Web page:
Nasser Zawia

Dr. Nasser Zawia

University of Rhode Island


Nasser H. Zawia, Ph.D is the Dean of the Graduate School at the University of Rhode Island, where he oversees about 90 masters, doctoral, and professional degree programs with an enrollment of about 3000 students. He is the founder and director of the Interdisciplinary Neuroscience Program and played a founding role in the formation of the George and Anne Ryan Institute for Neuroscience. Additionally, he has served on the board of the Northeast Alliance of Graduate Schools, and on advisory boards of the Council of Graduate School (CGS), headquartered in Washington, DC. He is a Professor of Pharmacology, Toxicology, and Neuroscience. He had served as the Assistant Director of the Rhode Island Biomedical Research Infrastructure Network, which established the first network of its kind in the state with eight participating Universities. Dr. Zawia obtained his Ph.D. in Pharmacology and Toxicology from the University of California, his MS in Pharmacology and Physiology from Loma Linda University, and his BS in Biochemistry from the University of Massachusetts. He received postdoctoral training at the National Institute of Health (NIH) and served as an Assistant Professor at the University of Sana’a and as a Fulbright Scholar to Yemen. His current research is focused on environmental risk factors for neurodegenerative diseases such as Alzheimer’s disease (AD). He is a leader in the epigenetics of AD and his work has been featured by national and international media such as ABC News, CBS, and CNN. He has repurposed a drug for the treatment of Alzheimer’s and tauopathies (FTD, PSP), which was granted orphan drug status by the FDA and the EMA and is under consideration for clinical trials in the USA and Europe. Dr. Zawia has published over 100 papers and book chapters and has edited a book on Molecular Toxicology and a Journal issue for Current Alzheimer’s Research. His research has been supported by millions of dollars from the NIH, the National Science Foundation (NSF) and the Environmental protection Agency (EPA). He has Chaired NIH grant study sections and also serves as a reviewer on many international journals and funding agencies as well as on the editorial board of the Journal of NeuroToxicology, Current Alzheimer’s Research, and the Journal of Alzheimer’s Disease (JAD). He has received numerous honors such as US Environmental Protection Agency (Scientific and Technological Achievement Award, Level I), Fidia Foundation, NIH, the Government of Yemen, the Indian Society of Physiology, and others.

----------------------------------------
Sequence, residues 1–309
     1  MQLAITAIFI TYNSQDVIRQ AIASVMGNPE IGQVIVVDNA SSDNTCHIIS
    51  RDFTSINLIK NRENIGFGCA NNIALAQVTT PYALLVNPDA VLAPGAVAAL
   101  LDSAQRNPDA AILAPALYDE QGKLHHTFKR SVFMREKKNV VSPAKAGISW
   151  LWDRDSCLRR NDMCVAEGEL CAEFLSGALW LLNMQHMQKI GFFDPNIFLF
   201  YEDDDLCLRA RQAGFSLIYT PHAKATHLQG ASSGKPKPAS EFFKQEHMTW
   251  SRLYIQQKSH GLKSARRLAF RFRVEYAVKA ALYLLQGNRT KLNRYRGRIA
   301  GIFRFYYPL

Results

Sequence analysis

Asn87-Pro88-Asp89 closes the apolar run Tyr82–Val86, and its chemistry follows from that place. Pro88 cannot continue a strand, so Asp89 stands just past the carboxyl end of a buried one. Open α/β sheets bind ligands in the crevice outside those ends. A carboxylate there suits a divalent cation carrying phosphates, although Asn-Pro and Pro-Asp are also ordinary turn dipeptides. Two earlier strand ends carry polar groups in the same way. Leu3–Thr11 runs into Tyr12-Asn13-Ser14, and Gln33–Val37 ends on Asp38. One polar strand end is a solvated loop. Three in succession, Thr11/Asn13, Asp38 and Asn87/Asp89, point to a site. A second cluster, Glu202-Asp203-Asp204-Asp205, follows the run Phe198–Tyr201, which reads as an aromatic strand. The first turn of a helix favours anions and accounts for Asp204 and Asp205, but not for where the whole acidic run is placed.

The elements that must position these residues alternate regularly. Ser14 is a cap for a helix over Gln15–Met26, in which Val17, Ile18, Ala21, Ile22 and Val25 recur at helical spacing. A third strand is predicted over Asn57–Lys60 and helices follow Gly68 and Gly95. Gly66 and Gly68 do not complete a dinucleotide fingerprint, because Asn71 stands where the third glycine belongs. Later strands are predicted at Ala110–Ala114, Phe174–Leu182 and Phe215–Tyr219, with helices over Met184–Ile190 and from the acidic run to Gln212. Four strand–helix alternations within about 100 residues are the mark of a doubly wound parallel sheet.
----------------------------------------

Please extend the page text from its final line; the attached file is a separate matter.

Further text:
Epigenetics and the Brain: How early life experiences or environmental exposures predetermine how you brain responds to disease in old age

Epigenetics is commonly understood as a developmental and/or embryonic phenomenon in which the gene expression programs, the fate and tissue specificity of a cell is determined by another layer of control that transforms the fixed genetic code of every cell into different phenotypes. However, epigenetic phenomena in the brain are not restricted to the developmental period. As a matter of fact, the brain is designed to interact and adapt to its environment, and process physical, emotional and sensory inputs, thus requiring a capacity to reprogram and remodel itself across the lifetime. The connectivity of brain networks is constantly influenced by dynamic interactions with external stimuli that determine the architecture and plasticity of the brain. Therefore, epigenetics in the brain plays a significant role throughout the lifespan of postmitotic neurons and is an essential component of their physiology. This presentation, we discuss exceptional epigenetics in the brain. .